By Jennifer Becker, MS, LCMHCS, Awakenings, Greensboro Assistant Clinical Manager
It is only Monday, but I am dreading this week.
Actually, I have been dreading this week since March 15.
Once the news that Covid-19 hit the east coast and we were going to be stuck at home, I knew our family would be hit hard. Luckily, we have been spared the effects of the virus, thus far, and hopefully we will continue to stay healthy. However, we have not been spared the effects of physical distancing.
My parents live 5 miles from my house, and we usually see each other weekly, but haven’t had physical contact since the last week in February. My ex-husband and I have joint custody of our teenage sons and the second week in March decided that the boys needed to decide where they wanted to stay for the duration of the virus. My ex-husband is a pharmacist and we were realistic about the impact this would have once the virus traveled to North Carolina. Our 15 year- old son decided to stay with me, while our 18 year- old decided to stay with him. It’s been a month since I have hugged my son. While all of these necessary precautions are difficult, it was this week, in particular, that has made me feeling anxious and sad.
This week is special and holy for many of us who observe either Passover or Easter. My family celebrates Passover. The first two nights of Passover are where our family comes together to tell the story of the how Moses led the Jewish people out of Egypt, called the Seder. It is like other people’s Thanksgiving, but with an order, specific foods, prayers, story- telling, and lots and lots of laughter. Year after year, it is tradition for my family to come together and for my father to “lead the Seder.” He sits at the head of the table, and he is flanked on either side of him are the youngest members of the family, his grandchildren. Around the table are family members, close friends of the family, guests, and those who have never attended a Seder. It is also tradition to complain about how it is too much work and we should really scale back. My sister complains that there are too many people and we need to stop inviting strangers. My mother complains that my father makes the Seder last too long and that we should just get to the meal. I complain that my mother doesn’t need to host it at her house, and she should just let me do it at my house next year. Then, we do it all over again the next night. The tradition runs even deeper because it is also the holiday that we always came home for during college, it was where my sister and I had our husbands vetted by our parents, and it is never missed by any of us for any reason. Last year, my brother-in-law was out of work and had a job interview the Friday after the second Seder. He drove down with his family from DC, and he flew out after the first Seder. He said, “He couldn’t miss Passover.” He isn’t even Jewish! It is that important for our family to be together that we find ways to make it happen.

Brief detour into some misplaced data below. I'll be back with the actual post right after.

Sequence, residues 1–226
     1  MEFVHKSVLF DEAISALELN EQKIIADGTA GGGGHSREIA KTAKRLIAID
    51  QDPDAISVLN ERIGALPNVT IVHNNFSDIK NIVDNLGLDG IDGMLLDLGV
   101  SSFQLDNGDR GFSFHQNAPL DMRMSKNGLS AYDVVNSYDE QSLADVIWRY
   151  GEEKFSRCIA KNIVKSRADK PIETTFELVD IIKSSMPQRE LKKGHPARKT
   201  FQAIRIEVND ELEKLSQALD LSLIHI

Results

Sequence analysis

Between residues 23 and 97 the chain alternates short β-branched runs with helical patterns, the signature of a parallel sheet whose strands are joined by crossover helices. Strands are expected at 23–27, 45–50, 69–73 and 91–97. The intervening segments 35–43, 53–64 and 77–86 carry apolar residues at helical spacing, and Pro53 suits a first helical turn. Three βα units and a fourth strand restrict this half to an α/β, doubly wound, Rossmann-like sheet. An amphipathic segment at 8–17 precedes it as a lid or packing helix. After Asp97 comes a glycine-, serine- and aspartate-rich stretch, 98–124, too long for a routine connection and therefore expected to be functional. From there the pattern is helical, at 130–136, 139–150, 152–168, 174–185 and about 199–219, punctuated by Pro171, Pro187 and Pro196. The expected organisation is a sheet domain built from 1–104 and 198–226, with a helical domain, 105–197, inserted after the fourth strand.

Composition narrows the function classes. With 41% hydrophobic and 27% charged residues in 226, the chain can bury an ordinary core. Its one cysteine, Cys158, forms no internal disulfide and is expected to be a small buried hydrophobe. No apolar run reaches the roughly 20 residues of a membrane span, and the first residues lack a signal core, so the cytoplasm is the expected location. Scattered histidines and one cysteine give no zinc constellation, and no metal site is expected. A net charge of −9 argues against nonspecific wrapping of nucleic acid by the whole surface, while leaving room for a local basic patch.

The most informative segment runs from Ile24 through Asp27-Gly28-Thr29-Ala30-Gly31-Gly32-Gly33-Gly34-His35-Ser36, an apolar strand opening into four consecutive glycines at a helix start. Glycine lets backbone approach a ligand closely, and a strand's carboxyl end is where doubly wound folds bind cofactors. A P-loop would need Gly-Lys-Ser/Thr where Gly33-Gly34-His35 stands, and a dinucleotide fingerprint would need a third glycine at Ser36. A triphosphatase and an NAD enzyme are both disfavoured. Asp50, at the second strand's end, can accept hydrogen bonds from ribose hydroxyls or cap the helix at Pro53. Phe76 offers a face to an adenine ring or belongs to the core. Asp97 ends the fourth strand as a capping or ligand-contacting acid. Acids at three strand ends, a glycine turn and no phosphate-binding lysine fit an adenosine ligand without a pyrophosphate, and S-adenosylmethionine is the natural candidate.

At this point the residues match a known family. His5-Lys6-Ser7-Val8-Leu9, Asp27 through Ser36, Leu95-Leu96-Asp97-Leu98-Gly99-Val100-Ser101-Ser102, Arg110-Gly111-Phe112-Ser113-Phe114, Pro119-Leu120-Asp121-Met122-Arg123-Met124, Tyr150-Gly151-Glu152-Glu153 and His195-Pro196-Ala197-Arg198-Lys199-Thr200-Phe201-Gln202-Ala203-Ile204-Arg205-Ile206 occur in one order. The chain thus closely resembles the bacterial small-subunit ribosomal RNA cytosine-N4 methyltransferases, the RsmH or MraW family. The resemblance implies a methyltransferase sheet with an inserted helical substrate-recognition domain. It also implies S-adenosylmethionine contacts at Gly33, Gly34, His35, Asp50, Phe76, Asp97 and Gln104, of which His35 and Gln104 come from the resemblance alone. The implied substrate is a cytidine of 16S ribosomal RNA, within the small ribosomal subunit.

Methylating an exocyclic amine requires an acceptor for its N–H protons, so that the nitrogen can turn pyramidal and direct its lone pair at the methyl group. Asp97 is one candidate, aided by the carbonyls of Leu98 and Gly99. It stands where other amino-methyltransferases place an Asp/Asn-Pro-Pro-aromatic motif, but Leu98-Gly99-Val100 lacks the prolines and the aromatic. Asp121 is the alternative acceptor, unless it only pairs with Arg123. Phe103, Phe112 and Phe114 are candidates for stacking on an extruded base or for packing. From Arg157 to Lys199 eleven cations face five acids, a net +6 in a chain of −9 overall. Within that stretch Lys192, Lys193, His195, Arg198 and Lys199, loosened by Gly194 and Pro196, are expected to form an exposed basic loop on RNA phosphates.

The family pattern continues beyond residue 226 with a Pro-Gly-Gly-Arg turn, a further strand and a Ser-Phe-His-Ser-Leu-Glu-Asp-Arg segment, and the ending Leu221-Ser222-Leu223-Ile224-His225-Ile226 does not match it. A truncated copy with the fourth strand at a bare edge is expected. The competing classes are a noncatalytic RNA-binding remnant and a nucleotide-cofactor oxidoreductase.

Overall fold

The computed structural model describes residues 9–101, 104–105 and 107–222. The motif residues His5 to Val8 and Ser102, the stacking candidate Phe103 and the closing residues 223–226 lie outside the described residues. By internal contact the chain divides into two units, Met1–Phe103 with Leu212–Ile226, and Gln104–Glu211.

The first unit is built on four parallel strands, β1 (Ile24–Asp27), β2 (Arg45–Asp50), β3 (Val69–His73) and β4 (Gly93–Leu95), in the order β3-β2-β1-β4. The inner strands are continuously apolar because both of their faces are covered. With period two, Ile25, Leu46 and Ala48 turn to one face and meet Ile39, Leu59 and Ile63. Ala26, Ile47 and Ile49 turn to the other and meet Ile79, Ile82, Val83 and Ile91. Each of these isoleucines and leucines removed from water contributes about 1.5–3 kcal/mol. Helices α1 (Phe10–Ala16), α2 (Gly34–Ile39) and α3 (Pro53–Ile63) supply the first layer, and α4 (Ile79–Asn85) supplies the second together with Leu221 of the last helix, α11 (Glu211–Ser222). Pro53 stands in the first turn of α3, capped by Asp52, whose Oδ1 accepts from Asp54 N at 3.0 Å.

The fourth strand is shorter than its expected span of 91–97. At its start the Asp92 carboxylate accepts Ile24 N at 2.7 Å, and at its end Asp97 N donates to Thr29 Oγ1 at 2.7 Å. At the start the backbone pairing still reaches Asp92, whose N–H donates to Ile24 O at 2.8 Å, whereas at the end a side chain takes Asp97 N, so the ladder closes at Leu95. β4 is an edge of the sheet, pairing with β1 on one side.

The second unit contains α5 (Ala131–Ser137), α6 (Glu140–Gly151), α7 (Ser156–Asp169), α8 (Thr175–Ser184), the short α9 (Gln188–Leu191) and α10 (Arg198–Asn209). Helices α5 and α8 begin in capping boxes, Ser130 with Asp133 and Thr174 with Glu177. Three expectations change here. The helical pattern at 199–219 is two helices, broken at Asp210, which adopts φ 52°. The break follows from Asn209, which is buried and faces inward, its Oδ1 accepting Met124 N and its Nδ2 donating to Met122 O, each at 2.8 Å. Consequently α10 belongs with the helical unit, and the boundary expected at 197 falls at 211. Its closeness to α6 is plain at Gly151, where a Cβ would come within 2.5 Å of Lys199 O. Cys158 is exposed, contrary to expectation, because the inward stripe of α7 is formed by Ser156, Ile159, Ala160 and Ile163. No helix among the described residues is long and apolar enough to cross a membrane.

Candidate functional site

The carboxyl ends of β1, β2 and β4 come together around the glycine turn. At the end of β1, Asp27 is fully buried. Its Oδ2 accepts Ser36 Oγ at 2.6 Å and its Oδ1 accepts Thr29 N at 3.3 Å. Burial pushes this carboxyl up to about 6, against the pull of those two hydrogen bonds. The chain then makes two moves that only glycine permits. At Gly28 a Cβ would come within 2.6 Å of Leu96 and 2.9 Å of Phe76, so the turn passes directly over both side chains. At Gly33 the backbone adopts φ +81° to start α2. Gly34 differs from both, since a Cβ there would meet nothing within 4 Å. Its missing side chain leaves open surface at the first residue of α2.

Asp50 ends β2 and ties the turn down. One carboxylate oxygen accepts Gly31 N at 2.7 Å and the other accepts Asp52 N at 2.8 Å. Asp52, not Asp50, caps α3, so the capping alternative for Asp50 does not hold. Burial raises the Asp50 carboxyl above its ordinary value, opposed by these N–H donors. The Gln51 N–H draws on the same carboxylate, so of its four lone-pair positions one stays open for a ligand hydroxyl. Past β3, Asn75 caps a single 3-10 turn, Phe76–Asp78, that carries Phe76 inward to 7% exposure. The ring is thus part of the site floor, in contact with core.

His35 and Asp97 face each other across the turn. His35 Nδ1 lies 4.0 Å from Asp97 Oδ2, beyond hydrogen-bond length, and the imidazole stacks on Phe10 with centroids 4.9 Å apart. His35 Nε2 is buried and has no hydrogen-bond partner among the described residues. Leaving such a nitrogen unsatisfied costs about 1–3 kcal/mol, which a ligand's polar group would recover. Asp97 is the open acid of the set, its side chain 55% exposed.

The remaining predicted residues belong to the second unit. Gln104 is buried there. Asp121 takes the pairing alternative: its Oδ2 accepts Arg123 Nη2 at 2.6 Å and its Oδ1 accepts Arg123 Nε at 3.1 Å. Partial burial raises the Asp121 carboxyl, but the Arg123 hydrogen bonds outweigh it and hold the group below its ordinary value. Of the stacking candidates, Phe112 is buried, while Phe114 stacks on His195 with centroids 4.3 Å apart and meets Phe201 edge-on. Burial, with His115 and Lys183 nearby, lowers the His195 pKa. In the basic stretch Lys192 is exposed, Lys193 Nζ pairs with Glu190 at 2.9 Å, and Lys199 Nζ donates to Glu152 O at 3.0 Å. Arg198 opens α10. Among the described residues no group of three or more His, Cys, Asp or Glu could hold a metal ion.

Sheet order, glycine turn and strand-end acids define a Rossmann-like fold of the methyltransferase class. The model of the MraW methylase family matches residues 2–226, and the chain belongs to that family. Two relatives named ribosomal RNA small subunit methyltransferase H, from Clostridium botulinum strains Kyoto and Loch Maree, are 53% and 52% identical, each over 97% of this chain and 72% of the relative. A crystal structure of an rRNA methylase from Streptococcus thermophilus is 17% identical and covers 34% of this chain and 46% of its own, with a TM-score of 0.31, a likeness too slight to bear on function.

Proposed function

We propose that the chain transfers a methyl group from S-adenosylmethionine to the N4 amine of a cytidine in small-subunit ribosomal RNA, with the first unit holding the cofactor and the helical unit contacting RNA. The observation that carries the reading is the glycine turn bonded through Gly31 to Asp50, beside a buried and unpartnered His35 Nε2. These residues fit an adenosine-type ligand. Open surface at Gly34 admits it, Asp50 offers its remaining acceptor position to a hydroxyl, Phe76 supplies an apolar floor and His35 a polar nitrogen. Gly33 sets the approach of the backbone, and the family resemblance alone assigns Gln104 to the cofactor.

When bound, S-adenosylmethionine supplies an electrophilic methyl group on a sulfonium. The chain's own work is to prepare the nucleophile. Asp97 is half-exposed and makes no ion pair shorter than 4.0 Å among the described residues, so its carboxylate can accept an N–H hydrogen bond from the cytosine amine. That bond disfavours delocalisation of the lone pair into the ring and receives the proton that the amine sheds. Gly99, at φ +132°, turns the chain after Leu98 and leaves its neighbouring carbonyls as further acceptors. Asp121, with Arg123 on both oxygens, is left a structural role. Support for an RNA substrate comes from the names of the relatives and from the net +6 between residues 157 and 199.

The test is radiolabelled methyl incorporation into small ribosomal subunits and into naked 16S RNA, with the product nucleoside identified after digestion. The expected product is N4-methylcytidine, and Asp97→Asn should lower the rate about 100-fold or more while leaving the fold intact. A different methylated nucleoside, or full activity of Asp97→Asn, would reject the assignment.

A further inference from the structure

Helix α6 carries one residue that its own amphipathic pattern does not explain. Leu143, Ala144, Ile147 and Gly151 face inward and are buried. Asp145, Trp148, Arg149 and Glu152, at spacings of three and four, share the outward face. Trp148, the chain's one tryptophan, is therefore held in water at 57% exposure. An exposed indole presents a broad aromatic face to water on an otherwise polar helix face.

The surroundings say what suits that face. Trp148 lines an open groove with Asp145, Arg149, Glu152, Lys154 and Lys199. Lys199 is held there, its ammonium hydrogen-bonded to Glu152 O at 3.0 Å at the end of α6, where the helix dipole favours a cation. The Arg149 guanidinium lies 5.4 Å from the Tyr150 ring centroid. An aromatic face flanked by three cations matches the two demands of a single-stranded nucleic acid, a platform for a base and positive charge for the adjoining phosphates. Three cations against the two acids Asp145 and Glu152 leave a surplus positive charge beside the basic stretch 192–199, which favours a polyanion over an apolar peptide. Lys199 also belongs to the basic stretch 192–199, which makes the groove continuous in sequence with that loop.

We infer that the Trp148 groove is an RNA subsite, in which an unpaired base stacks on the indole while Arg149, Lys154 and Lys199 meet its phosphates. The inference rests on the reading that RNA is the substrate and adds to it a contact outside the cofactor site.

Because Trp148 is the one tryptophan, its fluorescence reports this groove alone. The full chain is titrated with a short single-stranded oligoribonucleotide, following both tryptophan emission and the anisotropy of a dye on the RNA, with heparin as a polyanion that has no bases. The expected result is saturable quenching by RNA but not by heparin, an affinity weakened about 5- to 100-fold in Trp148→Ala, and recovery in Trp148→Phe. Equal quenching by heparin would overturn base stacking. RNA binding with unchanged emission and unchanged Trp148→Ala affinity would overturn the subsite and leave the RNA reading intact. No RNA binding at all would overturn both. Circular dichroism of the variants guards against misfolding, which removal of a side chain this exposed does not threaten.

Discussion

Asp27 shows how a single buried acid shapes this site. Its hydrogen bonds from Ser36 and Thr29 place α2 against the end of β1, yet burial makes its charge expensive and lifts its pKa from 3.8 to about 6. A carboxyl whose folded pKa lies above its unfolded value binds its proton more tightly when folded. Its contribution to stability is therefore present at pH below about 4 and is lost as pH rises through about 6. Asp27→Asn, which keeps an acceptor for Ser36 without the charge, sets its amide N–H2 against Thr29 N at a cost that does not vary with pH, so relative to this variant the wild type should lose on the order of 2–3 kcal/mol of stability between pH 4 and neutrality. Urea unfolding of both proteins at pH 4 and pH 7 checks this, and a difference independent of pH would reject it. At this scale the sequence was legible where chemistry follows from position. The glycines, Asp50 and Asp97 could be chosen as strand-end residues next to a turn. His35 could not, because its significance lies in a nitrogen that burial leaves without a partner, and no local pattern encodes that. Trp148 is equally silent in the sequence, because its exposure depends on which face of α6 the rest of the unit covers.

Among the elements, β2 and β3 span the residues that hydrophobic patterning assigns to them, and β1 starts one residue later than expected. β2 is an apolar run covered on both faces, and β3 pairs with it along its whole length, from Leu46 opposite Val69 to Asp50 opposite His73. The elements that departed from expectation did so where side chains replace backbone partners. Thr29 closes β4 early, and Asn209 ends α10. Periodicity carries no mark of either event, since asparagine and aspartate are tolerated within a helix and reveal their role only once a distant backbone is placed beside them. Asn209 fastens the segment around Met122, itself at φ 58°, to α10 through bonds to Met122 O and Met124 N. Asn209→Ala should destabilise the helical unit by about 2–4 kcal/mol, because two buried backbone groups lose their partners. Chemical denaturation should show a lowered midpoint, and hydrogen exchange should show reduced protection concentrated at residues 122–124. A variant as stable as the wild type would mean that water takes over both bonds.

The first question we ask during the Seder is “Why is this night different than all other nights of the year?” There is a very traditional way to answer that question that has to do with the Jewish people leaving hastily from Egypt. However, this year I would say this year, this night is different because while we are committed to physical distancing ourselves, we will not commit to giving up on the things that make us feel whole as a people.
Each of us desperately needs connection, more than ever, and the one holiday that brings us all together is the one we need right now. While I am struggling to accept that I can’t be with my family, I am fully committed to making sure I celebrate Passover to the best of my ability. I know I need the connection, more now than ever. I am learning how to create a space for the holiday when all of my customs and rituals have to be abandoned.
Here are my initial ways to cope with these changes:
- Grieve: I am grieving the loss of my holiday, my traditions, and the visit with my family. I am allowing myself to be sad about the fact that I don’t get to be with my family. I have cried about it and shared my thoughts and feelings with my family to let them know that being apart hurts.
- Finding new ways to do old things: As a family, we are working on ways to practice our holiday. The Jewish community is resilient and doesn’t let something like a virus keep us from practicing our religion. (We’ve been through tougher times.) I am allowing myself to be open to new ideas and suggestions that aren’t necessarily traditional, but provide me with the opportunity to celebrate the holiday.
- Walking down memory lane: I am comforted in knowing that this is just one year, one holiday, and one disappointment. I can feel gratitude for all of the years that we have had and hold on to the memories from the past.
I am already planning for next year. I already told my mother that I think I should host it in my house. I told her and my sister that I think it should be small and intimate with just the 11 of us. However, by the time Passover rolls around it will be bigger than we wanted, mom will have convinced us to have the first Seder in her house, dad will be long winded, and we will be exhausted from all of the cooking. It will be absolutely perfect.